Fortum contracted for Swedish plant dismantling work

09 June 2020

Finnish utility Fortum and Uniper Sweden have agreed to collaborate on the dismantling of major systems and components at the Oskarshamn and Barsebäck nuclear power plants in Sweden. Fortum was awarded the contract by Uniper Sweden - a Fortum subsidiary - in a competitive bidding process.

Units 1 and 2 of the Oskarshamn plant (Image: OKG)

Uniper announced in December 2018 a "long-term and common strategy" for the demolition of the two-unit Barsebäck plant together with units 1 and 2 of the Oskarshamn plant. Decommissioning work, including dismantling of the reactor pressure vessels and their internals, is already under way at all four reactors. Then follows a systematic review of the entire plant, where different parts are dismantled according to a synchronised and shared schedule for both plants.

The utility said the strategy was intended to create "logistical and economic coordination benefits" between the two ongoing projects that will be implemented primarily in the 2020s. Under Uniper's strategy, the radiological demolition of the four reactors - during which all radioactive waste will be removed from each unit - will be carried out between 2020 and 2028. The total cost of decommissioning the Barsebäck and Oskarshamn units is estimated at SEK10.0 billion (USD1.1 billion).

Uniper Sweden has now signed an agreement with Fortum for the dismantling of the turbine auxiliary systems, feed water systems and moisture separator reheaters at each of the reactors. The work will start at Oskarshamn units 1 and 2 in August and finish at Barsebäck units 1 and 2 in the summer of 2021.

"This is the first nuclear dismantling project for us in Sweden and we are excited to contribute to the decommissioning of Oskarshamn and Barsebäck nuclear power plants and look forward to the cooperation with Uniper Sweden," added Fortum's Project Manager, Sergey Ilyukhin. The company has already been awarded decommissioning contracts both in Finland.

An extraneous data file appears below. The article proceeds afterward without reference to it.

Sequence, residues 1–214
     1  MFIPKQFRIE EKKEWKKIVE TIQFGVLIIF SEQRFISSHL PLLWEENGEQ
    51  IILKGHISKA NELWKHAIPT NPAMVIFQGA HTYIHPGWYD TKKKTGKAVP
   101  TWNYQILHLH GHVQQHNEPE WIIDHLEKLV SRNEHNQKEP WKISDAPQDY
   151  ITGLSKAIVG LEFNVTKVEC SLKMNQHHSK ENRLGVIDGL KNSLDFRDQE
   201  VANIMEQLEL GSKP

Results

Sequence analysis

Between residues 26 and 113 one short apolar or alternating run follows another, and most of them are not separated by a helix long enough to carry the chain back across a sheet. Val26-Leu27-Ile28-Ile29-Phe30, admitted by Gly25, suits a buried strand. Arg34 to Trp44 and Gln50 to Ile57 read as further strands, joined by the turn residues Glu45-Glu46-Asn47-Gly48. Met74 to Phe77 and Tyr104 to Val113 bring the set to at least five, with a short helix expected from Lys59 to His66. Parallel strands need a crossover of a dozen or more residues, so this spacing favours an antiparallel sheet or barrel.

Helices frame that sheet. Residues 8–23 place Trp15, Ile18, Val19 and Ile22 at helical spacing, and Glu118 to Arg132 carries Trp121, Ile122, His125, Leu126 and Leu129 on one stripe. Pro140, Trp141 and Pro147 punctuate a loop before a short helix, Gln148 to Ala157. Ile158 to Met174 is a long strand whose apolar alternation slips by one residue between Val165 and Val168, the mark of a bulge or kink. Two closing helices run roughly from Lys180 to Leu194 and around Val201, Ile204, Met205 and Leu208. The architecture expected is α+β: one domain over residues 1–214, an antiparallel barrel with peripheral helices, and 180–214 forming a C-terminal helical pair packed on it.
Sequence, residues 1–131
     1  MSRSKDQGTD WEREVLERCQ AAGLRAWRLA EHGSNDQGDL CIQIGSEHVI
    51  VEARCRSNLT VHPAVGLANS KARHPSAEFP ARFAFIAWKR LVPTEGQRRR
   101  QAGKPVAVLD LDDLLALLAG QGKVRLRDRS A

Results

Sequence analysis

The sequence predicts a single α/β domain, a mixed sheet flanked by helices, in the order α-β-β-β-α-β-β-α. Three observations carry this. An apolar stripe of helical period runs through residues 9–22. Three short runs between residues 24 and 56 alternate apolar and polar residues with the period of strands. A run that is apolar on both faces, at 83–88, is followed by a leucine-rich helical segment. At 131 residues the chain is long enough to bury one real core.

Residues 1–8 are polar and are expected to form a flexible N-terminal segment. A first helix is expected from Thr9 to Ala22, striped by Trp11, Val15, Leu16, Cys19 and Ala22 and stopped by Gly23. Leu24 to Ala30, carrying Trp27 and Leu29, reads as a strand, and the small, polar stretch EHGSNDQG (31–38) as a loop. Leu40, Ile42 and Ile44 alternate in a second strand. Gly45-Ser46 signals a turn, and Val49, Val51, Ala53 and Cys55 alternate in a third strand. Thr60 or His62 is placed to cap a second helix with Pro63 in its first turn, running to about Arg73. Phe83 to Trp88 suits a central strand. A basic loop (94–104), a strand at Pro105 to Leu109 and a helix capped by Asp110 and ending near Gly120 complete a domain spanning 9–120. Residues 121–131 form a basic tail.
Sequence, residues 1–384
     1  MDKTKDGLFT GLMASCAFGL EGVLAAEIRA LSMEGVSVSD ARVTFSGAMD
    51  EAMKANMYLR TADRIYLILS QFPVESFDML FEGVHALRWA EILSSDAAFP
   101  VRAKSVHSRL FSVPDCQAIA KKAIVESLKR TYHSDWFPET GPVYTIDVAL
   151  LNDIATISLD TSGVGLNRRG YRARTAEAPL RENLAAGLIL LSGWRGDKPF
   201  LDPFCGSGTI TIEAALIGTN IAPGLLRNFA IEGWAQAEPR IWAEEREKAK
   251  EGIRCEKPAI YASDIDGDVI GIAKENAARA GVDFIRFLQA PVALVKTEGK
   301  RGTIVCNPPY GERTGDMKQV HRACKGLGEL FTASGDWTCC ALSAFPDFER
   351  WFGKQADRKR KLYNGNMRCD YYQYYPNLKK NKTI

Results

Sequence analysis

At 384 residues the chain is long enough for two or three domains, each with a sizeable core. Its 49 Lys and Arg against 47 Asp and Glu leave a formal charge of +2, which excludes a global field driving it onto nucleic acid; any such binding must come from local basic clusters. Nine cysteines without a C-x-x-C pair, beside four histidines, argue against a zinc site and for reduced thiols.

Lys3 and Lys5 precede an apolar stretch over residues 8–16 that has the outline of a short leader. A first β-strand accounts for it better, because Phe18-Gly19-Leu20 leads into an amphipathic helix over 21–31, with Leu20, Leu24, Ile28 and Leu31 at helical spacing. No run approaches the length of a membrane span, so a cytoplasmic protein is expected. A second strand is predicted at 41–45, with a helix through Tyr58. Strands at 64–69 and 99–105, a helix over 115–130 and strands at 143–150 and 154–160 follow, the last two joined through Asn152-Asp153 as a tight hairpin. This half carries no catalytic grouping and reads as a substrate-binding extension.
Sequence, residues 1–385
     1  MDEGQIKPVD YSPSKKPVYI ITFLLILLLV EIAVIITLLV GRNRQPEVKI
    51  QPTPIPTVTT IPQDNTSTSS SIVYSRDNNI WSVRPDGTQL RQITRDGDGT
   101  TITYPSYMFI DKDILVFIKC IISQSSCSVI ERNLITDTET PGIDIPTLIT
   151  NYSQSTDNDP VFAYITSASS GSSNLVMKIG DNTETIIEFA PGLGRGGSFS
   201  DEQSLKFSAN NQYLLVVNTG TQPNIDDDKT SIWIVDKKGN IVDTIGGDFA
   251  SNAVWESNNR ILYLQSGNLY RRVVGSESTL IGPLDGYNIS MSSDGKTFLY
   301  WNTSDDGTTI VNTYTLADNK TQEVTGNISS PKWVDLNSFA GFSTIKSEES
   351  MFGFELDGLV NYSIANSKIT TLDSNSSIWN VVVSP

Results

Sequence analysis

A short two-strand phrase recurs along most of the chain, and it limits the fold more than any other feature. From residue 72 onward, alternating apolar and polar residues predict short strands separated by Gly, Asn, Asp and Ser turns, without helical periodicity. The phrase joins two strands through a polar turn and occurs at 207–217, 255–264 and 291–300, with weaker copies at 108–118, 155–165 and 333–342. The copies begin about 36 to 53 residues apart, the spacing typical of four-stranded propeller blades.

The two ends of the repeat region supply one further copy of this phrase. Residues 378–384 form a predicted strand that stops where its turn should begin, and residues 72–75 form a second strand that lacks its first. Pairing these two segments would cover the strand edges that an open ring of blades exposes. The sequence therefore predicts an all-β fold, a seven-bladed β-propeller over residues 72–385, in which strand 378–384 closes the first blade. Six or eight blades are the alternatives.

The two ABB-designed boiling water reactors (BWRs) at Barsebäck, about 30 kilometres from Malmö in southern Sweden, shut down in November 1999 and May 2005, respectively. The two 600 MWe reactors - which began operating in 1975 and 1977 - were shut down early because of political pressure from neighbouring Denmark. All the nuclear fuel, which contained most of the radioactive substances, has already been removed from the Barsebäck plant. Reactor vessels and other major parts must be disassembled and transported away before the buildings themselves are dismantled. Work to dismantle, segment and package the reactor pressure vessel internals for final disposal is currently being undertaken by Westinghouse.

German utility EOn spun off of its non-renewable assets into Uniper in January 2016. Last October, Fortum agreed to increase its shareholding in Uniper from 50% to over 70%. EOn - which owns a 54.5% stake in OKG, operator of the Oskarshamn plant - decided in October 2015 that unit 1 and 2 would be shut down permanently. Unit 3 was unaffected by the decision. Fortum owns the remaining 45.5% of OKG. At that time, EOn said unit 1 would close between 2017 and 2019, there would be no future investments at unit 2 and the reactor will not be restarted. In February 2017, OKG announced the decision to shut down Oskarshamn 1 in conjunction with a planned outage at the end of June last year. Oskarshamn 1, a 473 MWe BWR, started up in 1972, while Oskarshamn 2 is a 638 MWe BWR which began operating in 1974. Oskarshamn 3 is a 1400 MWe BWR which began operating in 1985.

Researched and written by World Nuclear News